“Golden Autumn Day” isn’t the best track on the album by any stretch. Alas, picking a favorite is made all the more difficult by a final finished product that doesn’t seem rushed (unlike so many of Van’s album releases, before and since). Another viable explanation — perhaps Van didn’t get bored this time around and storm out of the sessions as he’s been prone to do on many projects. The extra time spent in the studio crafting this album to near perfection pays off handsomely. The work was praised lavishly by Rolling Stone magazine, which labeled the collection as “one Monet and nine Normal Rockwells” — the Monet referring to “When the Leaves Come Falling Down,” described as “a masterpiece.”

There’s a lot happening here musically in “Golden Autumn Day,” which runs for nearly 7 full minutes. Van’s gruff but quirky lyrical realism. The unmistakable heart and soul of the Hammond organ. A full string orchestra, the volume cranked up slowly until a final grand crescendo. Van taking the lead on harmonica. Bluesy piano. A catchy upbeat chorus with a message of hope and aspiration.

Pay particular attention to the instrumental interlude at the 3-minute mark, where Van inserts his own harmonica followed by Pee Wee Ellis on sax. The fade out in the final minute with full strings is also a brilliant touch. The piece plays out like the closing credits to a movie.

Back on Top hit the top of the charts in Scandanavia when it was released in 1999. It peaked at #11 in the U.K. Although the album spawned three singles that charted and enjoyed modest airplay, it didn’t fare nearly as well in the U.S.

Back on Top is a suburb album from start to finish. It’s fitting that Van ends the 1990s, and indeed the century, not falling from the mountaintop but reaching for higher musical peaks, and hitting them once again.



“On Hyndford Street” (1991)

“On Hyndford Street” isn’t a song so much as a sermon.

It’s a fond remembrance of childhood memories, a homily to a simpler time.

Van was born in a red-bricked terrace house with a blank facade, utterly ordinary and identical to all the other working-class homes on Hyndford Street in east Belfast. The only thing that now distinguishes the building — which still stands — is a small brass plaque beside the front door, announcing that George Ivan Morrison was born here on August 31, 1945.

His father worked in the Belfast shipyards. He brought home records from America regularly, which virtually no one else in Ireland had heard at the time. Van grew up an abundant musical diet of Ray Charles, Hank Williams, Chet Baker, Miles Davis, Lead Belly, and others far away but with a kindred spirit.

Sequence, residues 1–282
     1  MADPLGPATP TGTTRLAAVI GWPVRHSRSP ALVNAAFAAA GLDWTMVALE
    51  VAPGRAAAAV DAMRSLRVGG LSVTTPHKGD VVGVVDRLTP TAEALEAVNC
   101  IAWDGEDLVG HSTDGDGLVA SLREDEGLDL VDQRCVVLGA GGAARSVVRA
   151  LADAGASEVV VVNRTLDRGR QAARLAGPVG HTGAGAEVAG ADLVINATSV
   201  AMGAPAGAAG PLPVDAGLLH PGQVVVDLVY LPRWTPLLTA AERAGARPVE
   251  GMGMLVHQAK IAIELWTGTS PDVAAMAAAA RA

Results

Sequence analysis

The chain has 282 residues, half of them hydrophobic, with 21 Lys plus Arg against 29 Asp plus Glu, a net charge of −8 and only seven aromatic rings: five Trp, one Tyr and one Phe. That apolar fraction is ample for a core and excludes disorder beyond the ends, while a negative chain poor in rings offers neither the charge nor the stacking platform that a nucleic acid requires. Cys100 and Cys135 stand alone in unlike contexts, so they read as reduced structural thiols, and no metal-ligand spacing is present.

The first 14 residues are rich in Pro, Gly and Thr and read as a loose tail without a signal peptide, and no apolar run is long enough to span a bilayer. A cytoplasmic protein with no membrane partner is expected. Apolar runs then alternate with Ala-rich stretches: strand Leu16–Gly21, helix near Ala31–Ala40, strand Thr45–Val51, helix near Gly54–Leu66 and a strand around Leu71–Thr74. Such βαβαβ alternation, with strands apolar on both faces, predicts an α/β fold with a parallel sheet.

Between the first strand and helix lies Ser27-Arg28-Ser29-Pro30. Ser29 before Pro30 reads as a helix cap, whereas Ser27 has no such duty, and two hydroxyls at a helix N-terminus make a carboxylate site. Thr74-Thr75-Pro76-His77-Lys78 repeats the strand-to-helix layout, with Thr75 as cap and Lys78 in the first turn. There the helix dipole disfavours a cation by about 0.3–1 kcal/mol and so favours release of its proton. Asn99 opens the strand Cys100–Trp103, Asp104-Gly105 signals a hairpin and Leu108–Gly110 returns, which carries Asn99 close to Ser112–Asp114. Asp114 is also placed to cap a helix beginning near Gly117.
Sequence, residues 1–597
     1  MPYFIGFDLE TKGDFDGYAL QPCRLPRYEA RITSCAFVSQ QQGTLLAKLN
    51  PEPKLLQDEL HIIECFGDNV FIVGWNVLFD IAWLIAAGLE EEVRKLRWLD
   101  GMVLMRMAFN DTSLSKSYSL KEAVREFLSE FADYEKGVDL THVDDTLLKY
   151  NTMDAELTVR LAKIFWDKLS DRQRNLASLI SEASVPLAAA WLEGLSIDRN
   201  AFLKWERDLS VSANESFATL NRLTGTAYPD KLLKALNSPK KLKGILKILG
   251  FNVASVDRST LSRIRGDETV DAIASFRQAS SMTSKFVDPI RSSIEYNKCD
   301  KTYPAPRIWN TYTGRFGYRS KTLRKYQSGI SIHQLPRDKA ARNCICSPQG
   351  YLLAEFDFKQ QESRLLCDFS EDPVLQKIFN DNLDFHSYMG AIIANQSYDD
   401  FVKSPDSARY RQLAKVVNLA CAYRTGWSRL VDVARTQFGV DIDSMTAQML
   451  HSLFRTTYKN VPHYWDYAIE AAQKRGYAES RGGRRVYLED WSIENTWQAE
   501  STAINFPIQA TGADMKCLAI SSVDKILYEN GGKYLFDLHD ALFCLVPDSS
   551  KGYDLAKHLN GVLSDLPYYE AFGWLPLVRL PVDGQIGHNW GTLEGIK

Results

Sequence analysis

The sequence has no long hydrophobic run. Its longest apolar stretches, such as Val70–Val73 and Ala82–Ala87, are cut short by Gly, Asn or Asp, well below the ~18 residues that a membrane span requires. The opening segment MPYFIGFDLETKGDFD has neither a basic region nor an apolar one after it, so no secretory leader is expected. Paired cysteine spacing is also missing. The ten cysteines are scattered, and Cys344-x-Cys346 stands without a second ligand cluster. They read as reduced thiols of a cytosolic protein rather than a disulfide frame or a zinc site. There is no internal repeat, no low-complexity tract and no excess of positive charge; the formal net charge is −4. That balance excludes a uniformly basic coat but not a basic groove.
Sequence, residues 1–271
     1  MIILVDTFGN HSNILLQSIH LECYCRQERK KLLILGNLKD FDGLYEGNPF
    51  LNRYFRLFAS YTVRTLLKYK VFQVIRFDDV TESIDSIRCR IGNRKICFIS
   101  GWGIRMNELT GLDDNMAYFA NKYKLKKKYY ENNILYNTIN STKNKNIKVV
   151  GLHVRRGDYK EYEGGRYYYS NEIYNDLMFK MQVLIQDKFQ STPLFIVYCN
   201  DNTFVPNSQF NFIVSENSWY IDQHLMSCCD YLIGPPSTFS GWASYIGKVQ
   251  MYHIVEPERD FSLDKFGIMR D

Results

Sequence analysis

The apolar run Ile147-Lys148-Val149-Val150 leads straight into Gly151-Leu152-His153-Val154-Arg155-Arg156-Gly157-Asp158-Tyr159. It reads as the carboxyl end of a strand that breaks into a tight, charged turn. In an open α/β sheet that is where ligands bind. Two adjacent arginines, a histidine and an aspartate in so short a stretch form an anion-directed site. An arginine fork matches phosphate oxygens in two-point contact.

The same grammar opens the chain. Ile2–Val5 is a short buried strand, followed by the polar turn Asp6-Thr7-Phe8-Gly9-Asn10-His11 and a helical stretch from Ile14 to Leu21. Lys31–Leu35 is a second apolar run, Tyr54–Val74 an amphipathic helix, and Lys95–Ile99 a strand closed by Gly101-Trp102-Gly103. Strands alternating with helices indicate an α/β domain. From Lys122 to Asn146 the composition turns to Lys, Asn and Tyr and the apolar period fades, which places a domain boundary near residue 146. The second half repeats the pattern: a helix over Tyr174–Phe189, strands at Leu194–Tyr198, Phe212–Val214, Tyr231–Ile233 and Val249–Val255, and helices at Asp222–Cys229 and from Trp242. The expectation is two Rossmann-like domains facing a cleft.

Van has written affectionately of Belfast (Northern Ireland) and much of the Irish Republic. Song titles including “Cypress Avenue” and “Orangefield” reflect both the then and now. One need not be Irish nor even be familiar with these places. We all have our own “Hyndford Street.”

The original song includes Van’s spoken lyrics which overlap extended background chords from an electric organ. It sounds like a spoken prayer.

“On Hyndford Street” was included on the astounding 21-track double album released in 1991, Hymns to the Silence. The album received mixed reviews from critics and was even criticized for being “too long.” It did not do well commercially. In retrospect, though, it’s a definitive personal statement connecting with listeners of all ages and backgrounds, with multiple timeless compositions.

I’ve posted a live rendition of “On Hyndford Street” from a 2012 recording in Belfast. The audience, intimately familiar with these places and references, react to every vocal syncopation with wild enthusiasm. Van, best described as an erratic, dispassionate performer these days, connects to his Belfast brethren in a manner that really brings the song to life.

Have a listen.

“Take me back, take me way, way, way back….”



“Celtic New Year” (2005)

Congratulations — and, Happy New Year!

We’re now four weeks into the class.

Rarely will we repeat songs and topics, but since today is special, I think one item is well worth re-visiting.

“Celtic New Year” was released on Van’s 2005 album Magic Time.  This is 100 percent trademark Van all the way, with the gruff accented vocals serenading a special time and place. Catchy riffs punctuate lavish melodic orchestration. And, as Van so often does in song — he starts off slowly and builds to a glorious crescendo.

This is a live version of Van’s original composition (which isn’t as well-known outside Ireland). One need not be Irish to reflect and enjoy.

I’m a huge fan of the creation of music. I like to know how music is made. I want to learn what inspired an artist and know why strings or a trumpet or some other instrument was added to the mix.

This live version of the song, recorded during Van’s BBC sessions broadcast in the U.K. in 2008 is a beautiful rendition with ornate instrumentation. It’s almost an anthem. Listen in particular to the Piccolo flute come in as part of a duet. I also love Van’s guitar work here, plucking notes which accentuate the folksy narrative. And the strings are truly magical.

“Magic Time,” indeed!